Bonne Journée, Montreal!
Another 91 days have come to an end, and this time we bid adieu to Montreal. The cultural capital and financial powerhouse of French-speaking Canada proved to be an interesting home for three months, with some great food, incredible festivals, bad weather, colorful neighborhoods, and welcoming people.
Montreal was the sixteenth location we’ve visited over the course of our travel project. By this point, we’d recognized a dependable pattern in our feelings towards our temporary homes. Usually, we fall in love immediately, overwhelmed by the novelty of our new location and blind to any of its faults. But as the 91 days wear on, our emotions will begin to cool. In Montreal, however, the opposite occurred. This is the only city we’ve ever visited, that we enjoyed more in our last week than in our first.
It’s because we arrived in April, during one of the worst Montreal springs that anyone could remember. Freezing temperatures, sleety snow and unrelenting gray skies were constant companions for our first few weeks. We were able to go to museums, and that was fine, but it was too cold to spend time outside, and we weren’t able to get a true feeling for the city. After our first month, we felt no love whatsoever for Montreal. How could we? We hadn’t really even met it yet.
Our feelings began to change as we entered summer. The sun emerged for longer periods, the people came out into the streets, and festival season began. All of a sudden, there was an abundance of exciting things to do and, as June blazed by, we started to panic. It’s nice out today, so should we explore the neighborhood of Saint Henri, go to the Fringe Festival, get lunch down at the Old Port, or spend the evening under the pink balls of Le Village? Actually, we had better do all of these things, because we’ve only got a couple weeks left! As our departure date sped toward us, we were just starting to discover what makes Montreal so special.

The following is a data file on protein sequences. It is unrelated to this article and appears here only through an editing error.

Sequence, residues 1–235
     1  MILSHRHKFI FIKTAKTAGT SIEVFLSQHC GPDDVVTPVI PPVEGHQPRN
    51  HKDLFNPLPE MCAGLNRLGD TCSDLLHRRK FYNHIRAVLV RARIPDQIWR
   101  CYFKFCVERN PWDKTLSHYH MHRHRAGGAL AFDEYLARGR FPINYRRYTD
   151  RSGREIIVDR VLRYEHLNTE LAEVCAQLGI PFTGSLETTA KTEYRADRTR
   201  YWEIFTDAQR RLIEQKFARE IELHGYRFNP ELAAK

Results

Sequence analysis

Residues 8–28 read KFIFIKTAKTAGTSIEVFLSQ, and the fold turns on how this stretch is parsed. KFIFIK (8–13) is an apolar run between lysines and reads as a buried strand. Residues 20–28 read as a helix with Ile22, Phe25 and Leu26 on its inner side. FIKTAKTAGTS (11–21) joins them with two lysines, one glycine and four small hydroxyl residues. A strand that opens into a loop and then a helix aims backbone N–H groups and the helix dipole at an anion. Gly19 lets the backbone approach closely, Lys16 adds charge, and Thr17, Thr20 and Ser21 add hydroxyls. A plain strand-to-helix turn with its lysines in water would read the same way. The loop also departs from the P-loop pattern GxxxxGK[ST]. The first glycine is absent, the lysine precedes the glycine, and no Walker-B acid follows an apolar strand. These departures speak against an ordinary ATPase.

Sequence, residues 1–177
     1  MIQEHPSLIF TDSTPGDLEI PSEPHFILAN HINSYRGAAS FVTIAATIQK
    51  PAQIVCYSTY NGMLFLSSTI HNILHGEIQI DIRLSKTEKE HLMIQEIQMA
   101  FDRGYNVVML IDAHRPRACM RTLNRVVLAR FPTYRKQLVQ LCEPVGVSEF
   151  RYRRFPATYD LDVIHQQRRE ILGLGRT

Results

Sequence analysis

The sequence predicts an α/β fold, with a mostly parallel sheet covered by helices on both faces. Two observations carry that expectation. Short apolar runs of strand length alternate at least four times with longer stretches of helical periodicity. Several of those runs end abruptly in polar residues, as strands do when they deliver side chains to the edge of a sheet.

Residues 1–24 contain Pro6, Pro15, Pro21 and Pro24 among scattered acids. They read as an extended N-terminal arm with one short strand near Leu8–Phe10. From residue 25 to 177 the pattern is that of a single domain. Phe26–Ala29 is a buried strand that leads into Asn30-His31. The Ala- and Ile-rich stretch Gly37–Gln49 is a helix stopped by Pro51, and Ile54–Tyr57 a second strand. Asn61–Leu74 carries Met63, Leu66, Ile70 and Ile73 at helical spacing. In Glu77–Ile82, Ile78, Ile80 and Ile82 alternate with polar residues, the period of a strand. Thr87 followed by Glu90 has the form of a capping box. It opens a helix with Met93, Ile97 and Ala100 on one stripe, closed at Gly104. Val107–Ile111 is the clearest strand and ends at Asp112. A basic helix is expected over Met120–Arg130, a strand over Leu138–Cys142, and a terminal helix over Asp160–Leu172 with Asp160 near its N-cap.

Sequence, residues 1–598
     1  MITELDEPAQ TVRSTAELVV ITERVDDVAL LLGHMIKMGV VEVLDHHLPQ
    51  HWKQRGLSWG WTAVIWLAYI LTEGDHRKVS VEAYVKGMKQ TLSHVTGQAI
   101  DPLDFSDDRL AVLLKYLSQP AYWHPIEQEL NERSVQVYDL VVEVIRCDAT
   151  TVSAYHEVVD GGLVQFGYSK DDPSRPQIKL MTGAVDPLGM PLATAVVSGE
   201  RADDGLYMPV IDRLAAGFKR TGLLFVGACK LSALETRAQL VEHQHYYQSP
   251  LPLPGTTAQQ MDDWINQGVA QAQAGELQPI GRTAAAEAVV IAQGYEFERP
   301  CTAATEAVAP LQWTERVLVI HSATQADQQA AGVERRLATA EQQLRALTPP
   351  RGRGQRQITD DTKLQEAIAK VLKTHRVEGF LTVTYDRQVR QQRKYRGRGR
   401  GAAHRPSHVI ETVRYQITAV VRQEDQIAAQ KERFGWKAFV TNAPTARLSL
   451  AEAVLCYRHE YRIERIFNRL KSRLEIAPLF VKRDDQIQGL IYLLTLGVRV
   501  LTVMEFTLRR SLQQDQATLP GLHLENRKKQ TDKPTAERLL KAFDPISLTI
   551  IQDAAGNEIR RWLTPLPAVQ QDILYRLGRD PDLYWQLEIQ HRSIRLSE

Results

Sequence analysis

We don’t often walk away from a place with such an equal balance of positive and negative memories. With better planning on our part, Montreal might have been one of favorite cities ever; with worse planning, we might have hated it unreservedly. So perhaps the mixed emotions with which we concluded our journey are appropriate.
We took our leave of Montreal just as the city was hitting its stride. There were still a lot of neighborhoods we hadn’t seen, a lot of festivals we’d have liked to attend, and a lot of day trips we might have enjoyed. So I’m sure that we’ll be back someday… but only in the summer!
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A bientot 91days!It was wonderful seeing you tour Montreal; but don’t write off the winter completely. There’s always Montreal En Lumiere (end of February – March), La Cabane à sucre au Pied de Cochon, Igloo fest (Mid January – early February), Fete des neiges, Le Happening Gourmand, and Taste MTL – just to name a few.
Thank you Jürgen and Mike, for such a dedicated exploration of our city!I’m happy that Montréal turned out to be an increasingly positive experience for the both of you. Following your blog as you went around, I must say that I very much appreciated your open-mindedness and your willingness to understand local culture, as well as your candidness and your general thoroughness: it showed throughout the articles, the (gorgeous) pictures and the videos.I think the key to enjoying our city (and the overall province of Québec) is really to get into the (alive but fragile) francophone aspects of life and culture. Without it Montréal would just be yet another North-American city. Come back any time.Cheers!
BTW, it would be “Bonne jounrée, Montréal!” (feminine tense). Thanks!
Whoops! Thanks, we’ve updated it!
Its funny, because the first thing I thought when I found this was “Man, they’ll be missing July!” Jazz Fest and Just For Laughs are what make summer in this city so great. Since winter is so long everything really comes alive June through September.Cheers